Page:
Credit was both a product of the American dream and a shaper of the American economy
Oxford (PRWEB UK) 7 April 2016
From engine of enterprise to agent of destruction? Oxford academic charts the changing face of credit in America
Saïd Business School, University of Oxford
‘Americans in the twentieth century began seeing credit in a fundamentally different way from in the past. For them, instalment buying turned from being just “debt” to being a kind of discipline – and therefore a virtue. Similarly, their home mortgages morphed into a form of investment,’ claims Oxford academic Rowena Olegario, whose new book, The Engine of Enterprise: Credit in America, charts the changing face of borrowing and lending since 1790. She adds: ‘Then, in the 1980s, Americans stopped saving. Lenders, including the federal government, were creating so much credit that even people who had low incomes could get huge mortgages. College students with no jobs began acquiring two or three credit cards and maxing them out. Bankruptcy rates among the middle class rose accordingly.’
According to Olegario, Senior Research Fellow at Saïd Business School, the development of credit throughout US history – which covers everything from running a tab to paying by instalments, mortgages, loans, and credit cards – fuelled the American economy. In the eighteenth century, Secretary of the Treasury Alexander Hamilton described credit as the ‘engine of useful enterprise’, and for 200 years this proved to be the case. Credit even contributed to economic stability by allowing people to bridge short-term gaps in spending power: temporary slowdowns in consumer earnings no longer led, necessarily, to a slowdown in consumption.
But this was true only as long as the savings rate also remained high. As debt became more culturally acceptable and markets were liberalised, lenders created new (and sometimes risky) credit and debt instruments, and pushed themselves to find more borrowers, including those who did not meet traditional standards of creditworthiness. The institutions that Americans pioneered, including the credit-rating agencies, found it impossible to keep up.
‘So savings were down and credit was up. Worse, credit was no longer backed by sound assets or by assurances of good “character”. Instead, people were lending and borrowing large amounts of money on the basis of assets whose price rises were driven, frankly, by irrational beliefs and unfounded hope,’ said Olegario. ‘There had been crashes and panics before, but it was this shift in attitudes combined with the explosion of debt securitisation and a decline in lending standards that set the scene for the near-collapse of the financial system in 2008.’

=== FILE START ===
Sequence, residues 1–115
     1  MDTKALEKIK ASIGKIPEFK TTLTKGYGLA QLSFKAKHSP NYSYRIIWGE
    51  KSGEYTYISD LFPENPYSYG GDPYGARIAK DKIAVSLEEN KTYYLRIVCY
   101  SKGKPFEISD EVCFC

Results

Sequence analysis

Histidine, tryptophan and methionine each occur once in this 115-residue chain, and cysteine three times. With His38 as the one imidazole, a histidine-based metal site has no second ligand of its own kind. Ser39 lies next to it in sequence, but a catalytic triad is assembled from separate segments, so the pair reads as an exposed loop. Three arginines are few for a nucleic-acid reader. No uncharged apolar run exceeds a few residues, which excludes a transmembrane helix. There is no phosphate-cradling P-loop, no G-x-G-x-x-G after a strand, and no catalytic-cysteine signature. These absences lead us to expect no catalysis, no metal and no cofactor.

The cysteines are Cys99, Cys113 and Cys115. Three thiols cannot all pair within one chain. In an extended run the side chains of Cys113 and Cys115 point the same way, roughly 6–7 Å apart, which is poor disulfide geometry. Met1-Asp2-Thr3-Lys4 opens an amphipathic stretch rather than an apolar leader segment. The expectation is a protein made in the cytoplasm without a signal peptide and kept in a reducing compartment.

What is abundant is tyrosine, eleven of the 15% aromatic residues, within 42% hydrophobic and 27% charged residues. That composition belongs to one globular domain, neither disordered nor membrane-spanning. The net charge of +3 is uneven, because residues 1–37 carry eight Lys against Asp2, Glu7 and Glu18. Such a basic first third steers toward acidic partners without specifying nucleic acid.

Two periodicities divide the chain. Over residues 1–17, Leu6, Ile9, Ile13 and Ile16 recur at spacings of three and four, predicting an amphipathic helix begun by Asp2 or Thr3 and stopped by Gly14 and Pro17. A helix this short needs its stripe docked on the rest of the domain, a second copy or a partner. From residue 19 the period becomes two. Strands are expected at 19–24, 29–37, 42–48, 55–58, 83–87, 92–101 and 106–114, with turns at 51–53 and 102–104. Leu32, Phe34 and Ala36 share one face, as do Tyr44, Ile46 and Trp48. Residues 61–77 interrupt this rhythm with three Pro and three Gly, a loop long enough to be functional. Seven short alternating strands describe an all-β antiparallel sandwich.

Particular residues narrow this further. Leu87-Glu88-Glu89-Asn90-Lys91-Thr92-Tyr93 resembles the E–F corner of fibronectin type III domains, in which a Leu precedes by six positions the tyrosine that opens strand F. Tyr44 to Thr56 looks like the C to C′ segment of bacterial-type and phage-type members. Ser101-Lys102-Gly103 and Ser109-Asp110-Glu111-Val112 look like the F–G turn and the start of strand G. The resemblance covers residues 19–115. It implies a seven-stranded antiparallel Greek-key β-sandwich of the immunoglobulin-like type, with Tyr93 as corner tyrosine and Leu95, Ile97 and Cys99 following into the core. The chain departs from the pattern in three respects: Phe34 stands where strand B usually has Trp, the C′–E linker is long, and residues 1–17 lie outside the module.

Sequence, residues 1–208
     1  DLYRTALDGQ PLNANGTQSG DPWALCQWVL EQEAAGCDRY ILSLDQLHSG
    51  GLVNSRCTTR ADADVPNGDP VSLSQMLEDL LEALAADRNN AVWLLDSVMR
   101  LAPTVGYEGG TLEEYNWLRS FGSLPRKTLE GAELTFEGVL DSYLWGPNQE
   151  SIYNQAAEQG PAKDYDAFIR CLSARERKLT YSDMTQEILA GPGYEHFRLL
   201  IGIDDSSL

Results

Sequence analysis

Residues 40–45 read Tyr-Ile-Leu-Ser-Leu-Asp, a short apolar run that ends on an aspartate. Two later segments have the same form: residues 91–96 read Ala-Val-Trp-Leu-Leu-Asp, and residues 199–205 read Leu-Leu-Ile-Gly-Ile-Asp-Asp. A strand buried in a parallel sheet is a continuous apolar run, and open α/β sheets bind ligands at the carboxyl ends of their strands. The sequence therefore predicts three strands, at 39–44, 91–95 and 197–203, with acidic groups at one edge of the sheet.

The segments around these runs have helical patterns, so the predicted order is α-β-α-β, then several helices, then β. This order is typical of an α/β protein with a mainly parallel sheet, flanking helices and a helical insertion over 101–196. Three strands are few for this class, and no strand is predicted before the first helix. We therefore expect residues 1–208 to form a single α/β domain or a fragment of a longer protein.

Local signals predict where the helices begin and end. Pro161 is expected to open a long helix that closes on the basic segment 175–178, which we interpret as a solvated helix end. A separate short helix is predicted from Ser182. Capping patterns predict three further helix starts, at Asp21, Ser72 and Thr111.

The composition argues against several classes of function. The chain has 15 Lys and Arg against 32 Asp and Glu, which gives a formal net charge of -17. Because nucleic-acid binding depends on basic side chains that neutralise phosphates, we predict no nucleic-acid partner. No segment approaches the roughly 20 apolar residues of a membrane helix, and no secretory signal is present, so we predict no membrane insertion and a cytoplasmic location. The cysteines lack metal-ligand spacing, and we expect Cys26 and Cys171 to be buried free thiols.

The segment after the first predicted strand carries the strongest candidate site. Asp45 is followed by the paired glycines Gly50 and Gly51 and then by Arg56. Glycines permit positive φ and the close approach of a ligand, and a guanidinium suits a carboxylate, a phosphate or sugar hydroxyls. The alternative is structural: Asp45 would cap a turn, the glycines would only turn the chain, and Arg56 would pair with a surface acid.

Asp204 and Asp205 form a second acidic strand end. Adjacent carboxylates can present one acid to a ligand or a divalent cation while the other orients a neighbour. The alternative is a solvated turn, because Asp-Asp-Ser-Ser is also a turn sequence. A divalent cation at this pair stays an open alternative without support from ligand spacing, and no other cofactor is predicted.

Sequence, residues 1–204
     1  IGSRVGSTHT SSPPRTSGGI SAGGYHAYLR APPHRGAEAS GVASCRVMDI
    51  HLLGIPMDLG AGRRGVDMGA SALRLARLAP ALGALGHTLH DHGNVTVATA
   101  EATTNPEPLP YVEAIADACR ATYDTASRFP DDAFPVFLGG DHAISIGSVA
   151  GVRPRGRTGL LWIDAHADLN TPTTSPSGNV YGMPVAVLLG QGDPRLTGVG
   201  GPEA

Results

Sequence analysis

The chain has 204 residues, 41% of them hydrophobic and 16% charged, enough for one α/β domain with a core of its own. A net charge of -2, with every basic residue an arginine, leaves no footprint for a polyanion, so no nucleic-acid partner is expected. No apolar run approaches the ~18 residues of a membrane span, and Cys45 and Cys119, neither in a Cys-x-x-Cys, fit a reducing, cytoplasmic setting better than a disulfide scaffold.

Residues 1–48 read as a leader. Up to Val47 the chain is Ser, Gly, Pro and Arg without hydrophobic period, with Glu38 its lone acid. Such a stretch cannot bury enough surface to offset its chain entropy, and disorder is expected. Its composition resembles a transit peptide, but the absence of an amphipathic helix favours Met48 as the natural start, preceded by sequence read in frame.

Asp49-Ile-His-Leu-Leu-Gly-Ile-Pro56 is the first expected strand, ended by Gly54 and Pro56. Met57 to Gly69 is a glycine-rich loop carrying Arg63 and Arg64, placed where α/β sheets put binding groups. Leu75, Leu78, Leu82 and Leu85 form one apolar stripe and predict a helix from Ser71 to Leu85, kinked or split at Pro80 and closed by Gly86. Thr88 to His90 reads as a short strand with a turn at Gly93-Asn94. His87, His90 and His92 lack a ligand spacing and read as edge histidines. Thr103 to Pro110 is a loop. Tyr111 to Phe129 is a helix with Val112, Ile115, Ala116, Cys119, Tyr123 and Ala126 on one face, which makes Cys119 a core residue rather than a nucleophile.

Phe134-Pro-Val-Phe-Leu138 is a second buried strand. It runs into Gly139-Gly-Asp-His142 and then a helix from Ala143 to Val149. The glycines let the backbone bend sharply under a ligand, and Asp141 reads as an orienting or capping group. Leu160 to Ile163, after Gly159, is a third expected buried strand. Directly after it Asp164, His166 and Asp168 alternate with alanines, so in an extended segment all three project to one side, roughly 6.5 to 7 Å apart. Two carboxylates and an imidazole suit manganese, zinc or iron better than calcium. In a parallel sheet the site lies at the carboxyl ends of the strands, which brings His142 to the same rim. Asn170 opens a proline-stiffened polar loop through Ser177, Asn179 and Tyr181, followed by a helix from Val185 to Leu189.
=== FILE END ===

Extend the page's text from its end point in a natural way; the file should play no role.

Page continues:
Olegario’s analysis indicates that, while America in recent years was not alone in its over-reliance on credit, the scale of borrowing and risk-taking in that country had its roots in ‘the American Dream’. ‘Americans historically have been not just future-oriented but optimistic, believing that anyone can succeed – and raise their income – through hard work alone. Extending credit and, on the flip side, going into debt appeared sensible in light of the very real possibility that the future would be better than the past. Through every phase of the history of credit, Americans have believed in the power of the future to render today’s indebtedness irrelevant and even prudent.’
Credit was both a product of the American dream and a shaper of the American economy.
- Credit was the foundation of overseas trade in the nineteenth century, which created rich merchants willing to fund manufacturing and infrastructure developments
- In the first half of the twentieth century, making credit available to middle- and low-income households not only gave them access to life-enhancing and labour-saving devices such as refrigerators, washing machines, and automobiles, it also fired up the industries manufacturing those goods.
- Government incentives on the back of the GI Bill in 1944 enabled more people to buy houses, turning America into a nation of home owners – by 1980, nearly 70% of households owned their own homes
- Securitisation, the rise of credit cards, secondary markets, LBOs and junk bonds all contributed to a financial sector that was colossal in both scale and complexity, but in which lenders had become increasingly removed from the borrowers
By the turn of the 21st century, Olegario explained, ‘The steady erosion of lending standards along with government guarantees of bailouts severed the link between risk and reward. Nothing illustrated this break as starkly as the incidents of bank employees reaping outsized bonuses by taking risks with other people’s money while having no responsibility for losses. … Credit was still an engine of enterprise, but it had also become, more than at any time in the past, an agent of destruction whose reach was global.’
The Engine of Enterprise: Credit in America by Rowena Olegario is published by Harvard University Press
To speak to Rowena Olegario, or for any more information, contact the Press Office:
Josie Powell, Senior Press Officer, Saïd Business School
Mobile +44 (0)7711 387215; Tel: +44 (0) 1865 288403
Email: josie.powell(at)sbs.ox.ac.uk or pressoffice(at)sbs.ox.ac.uk
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